Design Patterns

Design patterns are similar to frameworks, but more amorphous. Rather than being an actual set of classes, a design pattern is similar a description of a relationship between several classes that has proven to be useful in the solution of a past problem, and is hence likely to prove useful in future problems. Design patterns are not actual code, but are simply language indepenent descriptions of relationships.

An example family of patterns might be the ``standing in place of'' concept, where a client interacts with an intermediary, but the intermediary is not actually performing the work, but is instead hiding a connection to the agent that is actually providing a service. For example, an intermediary might hide a network connection, so that the client can think they are interacting directly with a server, and need not think about the network details.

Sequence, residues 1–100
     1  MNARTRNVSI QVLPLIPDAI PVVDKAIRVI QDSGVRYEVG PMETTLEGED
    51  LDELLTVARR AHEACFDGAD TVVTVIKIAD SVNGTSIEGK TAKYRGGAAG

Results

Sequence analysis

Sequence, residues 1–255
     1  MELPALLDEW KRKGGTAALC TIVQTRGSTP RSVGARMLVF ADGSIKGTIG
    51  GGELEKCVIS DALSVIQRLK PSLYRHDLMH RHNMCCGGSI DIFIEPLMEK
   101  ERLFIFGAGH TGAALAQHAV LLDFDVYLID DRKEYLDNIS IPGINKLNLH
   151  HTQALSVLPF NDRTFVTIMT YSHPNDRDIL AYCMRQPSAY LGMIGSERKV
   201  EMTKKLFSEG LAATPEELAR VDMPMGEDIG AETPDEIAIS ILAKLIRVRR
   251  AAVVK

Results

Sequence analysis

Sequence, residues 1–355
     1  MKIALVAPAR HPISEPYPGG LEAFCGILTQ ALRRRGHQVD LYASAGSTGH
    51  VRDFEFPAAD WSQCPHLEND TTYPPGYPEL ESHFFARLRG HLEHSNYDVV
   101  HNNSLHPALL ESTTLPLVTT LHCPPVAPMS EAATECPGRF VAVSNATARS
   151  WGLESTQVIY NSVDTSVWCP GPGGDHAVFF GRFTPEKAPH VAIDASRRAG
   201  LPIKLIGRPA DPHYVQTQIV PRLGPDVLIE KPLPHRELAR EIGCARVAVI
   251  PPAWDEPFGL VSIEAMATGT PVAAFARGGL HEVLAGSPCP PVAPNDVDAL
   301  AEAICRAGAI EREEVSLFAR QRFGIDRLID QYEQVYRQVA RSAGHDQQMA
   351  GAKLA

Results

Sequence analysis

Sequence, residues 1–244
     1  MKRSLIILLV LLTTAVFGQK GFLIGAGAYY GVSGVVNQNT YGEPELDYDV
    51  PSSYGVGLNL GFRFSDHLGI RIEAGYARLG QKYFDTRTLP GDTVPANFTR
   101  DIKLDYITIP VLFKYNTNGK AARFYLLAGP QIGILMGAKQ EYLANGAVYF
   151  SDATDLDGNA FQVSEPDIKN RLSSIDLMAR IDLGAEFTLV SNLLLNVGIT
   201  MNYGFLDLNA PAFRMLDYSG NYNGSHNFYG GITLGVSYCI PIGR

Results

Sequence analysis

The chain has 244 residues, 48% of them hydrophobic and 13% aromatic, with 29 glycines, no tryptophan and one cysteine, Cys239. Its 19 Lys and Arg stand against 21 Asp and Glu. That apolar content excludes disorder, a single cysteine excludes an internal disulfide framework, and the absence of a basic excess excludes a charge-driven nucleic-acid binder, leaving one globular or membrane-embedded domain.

[audio] [real] Text to accompany slide7, in Chapter 18 of An Introduction to Object-Oriented Programming